Three years ago today, we were told that Angel is on the autism spectrum. He was four-years old. I remember that day vividly. I remember how I felt and what I said. His autism diagnosis changed my outlook on what it means to be a parent. His autism diagnosis changed everything. His autism diagnosis changed me. Autism acceptance has been a journey for me. I know it is a life-long disability, so we are trying to give Angel the tools he will need to function in spite of his disability.
Angel is my priority, so I avoid the wars on semantics. You will often hear me say “on the autism spectrum,” “with autism,” or even “autistic.” I do not get caught up in autistic adult vs. parent debates. I do not and will not let anyone disparage my efforts as a mother. I realize that life is too short to get caught up. I pick my causes and I go hard for them.
Some days, I am in full advocate mode. My days often involve making calls on his behalf, organizing his paperwork, scheduling meetings and evaluations, and wondering if his dad and I are doing enough. As parents, we are in a constant state of evolution. We see Angel growing up and we are trying to keep up with every change. Even though he is changing, it always brings us joy to see his core personality shine through it all.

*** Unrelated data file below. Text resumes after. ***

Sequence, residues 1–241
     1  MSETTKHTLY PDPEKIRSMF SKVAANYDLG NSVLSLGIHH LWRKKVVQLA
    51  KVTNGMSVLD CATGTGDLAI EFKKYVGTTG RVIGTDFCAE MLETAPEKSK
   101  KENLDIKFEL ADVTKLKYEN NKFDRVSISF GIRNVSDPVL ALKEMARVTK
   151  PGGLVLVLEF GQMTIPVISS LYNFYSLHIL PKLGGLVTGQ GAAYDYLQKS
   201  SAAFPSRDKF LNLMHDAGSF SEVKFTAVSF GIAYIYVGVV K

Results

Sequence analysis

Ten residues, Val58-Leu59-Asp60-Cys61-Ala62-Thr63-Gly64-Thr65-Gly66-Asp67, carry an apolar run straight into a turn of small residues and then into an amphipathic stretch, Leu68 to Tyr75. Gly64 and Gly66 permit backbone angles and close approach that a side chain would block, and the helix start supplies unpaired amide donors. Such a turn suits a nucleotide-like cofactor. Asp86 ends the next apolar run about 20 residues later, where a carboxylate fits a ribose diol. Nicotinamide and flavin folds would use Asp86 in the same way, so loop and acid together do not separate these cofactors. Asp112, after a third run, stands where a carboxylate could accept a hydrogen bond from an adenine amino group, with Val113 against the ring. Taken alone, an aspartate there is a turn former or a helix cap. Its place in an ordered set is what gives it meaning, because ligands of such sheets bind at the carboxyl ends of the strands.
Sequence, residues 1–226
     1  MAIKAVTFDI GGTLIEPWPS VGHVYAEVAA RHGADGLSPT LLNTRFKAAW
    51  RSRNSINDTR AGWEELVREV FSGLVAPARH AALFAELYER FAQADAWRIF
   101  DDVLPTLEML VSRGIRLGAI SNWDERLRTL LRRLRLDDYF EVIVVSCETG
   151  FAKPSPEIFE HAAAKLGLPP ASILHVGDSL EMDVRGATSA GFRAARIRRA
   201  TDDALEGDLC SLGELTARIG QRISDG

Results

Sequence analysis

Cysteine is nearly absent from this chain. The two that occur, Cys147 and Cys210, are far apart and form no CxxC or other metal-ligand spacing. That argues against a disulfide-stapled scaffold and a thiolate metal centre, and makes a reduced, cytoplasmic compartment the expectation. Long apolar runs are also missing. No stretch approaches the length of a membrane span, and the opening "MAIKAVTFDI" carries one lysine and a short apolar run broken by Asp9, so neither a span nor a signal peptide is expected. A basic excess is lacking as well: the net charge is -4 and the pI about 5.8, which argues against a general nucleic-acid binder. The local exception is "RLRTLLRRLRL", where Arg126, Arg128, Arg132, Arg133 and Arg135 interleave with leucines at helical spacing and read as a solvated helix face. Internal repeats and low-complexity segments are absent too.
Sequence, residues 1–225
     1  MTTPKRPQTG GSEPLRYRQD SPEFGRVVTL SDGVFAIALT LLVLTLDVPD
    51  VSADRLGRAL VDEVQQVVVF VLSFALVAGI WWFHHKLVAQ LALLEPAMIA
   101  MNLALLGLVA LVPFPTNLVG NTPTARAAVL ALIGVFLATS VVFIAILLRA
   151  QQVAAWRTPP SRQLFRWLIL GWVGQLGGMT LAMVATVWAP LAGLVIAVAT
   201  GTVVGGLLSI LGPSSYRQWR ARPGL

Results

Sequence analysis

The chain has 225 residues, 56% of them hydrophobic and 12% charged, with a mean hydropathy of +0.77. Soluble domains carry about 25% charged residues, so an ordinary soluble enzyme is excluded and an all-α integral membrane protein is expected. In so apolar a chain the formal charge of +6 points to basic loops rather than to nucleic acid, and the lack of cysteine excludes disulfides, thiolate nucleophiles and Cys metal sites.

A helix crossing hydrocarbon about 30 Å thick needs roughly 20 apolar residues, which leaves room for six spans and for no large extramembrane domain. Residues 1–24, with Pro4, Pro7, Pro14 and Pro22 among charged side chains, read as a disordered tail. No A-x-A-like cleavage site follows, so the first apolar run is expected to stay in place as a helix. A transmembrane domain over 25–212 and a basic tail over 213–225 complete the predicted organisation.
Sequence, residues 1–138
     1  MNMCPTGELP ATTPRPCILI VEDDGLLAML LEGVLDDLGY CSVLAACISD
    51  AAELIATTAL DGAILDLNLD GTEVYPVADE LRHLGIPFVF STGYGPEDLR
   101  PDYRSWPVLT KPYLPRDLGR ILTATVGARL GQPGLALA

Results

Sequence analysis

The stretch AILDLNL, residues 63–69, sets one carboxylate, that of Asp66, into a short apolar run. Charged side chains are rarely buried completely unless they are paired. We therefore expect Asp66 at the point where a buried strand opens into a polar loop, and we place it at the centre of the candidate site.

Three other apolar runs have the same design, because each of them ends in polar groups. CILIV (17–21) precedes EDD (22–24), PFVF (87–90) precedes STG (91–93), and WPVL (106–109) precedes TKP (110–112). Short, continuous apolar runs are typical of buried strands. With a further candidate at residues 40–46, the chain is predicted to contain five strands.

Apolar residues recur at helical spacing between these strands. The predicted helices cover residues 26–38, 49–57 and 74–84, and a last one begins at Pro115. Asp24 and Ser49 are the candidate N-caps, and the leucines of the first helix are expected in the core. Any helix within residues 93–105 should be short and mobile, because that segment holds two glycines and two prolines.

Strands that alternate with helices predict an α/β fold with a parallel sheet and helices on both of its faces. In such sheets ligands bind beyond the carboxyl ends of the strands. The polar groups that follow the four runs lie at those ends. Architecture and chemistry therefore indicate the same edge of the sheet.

On other days, I realize that Angel has to work twice as hard to progress but he does his best. Still, this worries me. As he gets older, the social, communication and behavioral impacts of autism are more noticeable. Autism gives Angel a certain innocence that makes him oblivious to stares and comments that people (including children) make. I see and hear them all and I admit that they bother me. My skin is not thick enough yet. I have to keep reminding myself that it is not about me, as long as he is happy.
There are days when I read through his paperwork and I get the sobering thought that we have a long journey ahead of us. I think of him hitting puberty in a few years and my head spins. Then, I jolt myself into the present and realize that Angel has progressed in so many ways and for that he gets full credit. If anyone asks me what it means to parent a child with autism, I will tell them that it means NEVER GIVING UP!
In honor of the third anniversary of Angel’s autism diagnosis, I am announcing the sale of this Limited Edition T-Shirt (Autism Parenting: Giving Up Is Not An Option). I only have a limited number of these t-shirts available, so reserve your size today. Each t-shirt costs $25 + 5.99 for shipping and handling. Send payment to Kpana Kpoto via Paypal using the e-mail address: firstname.lastname@example.org. Please indicate your preferred size and allow up to two weeks for arrival.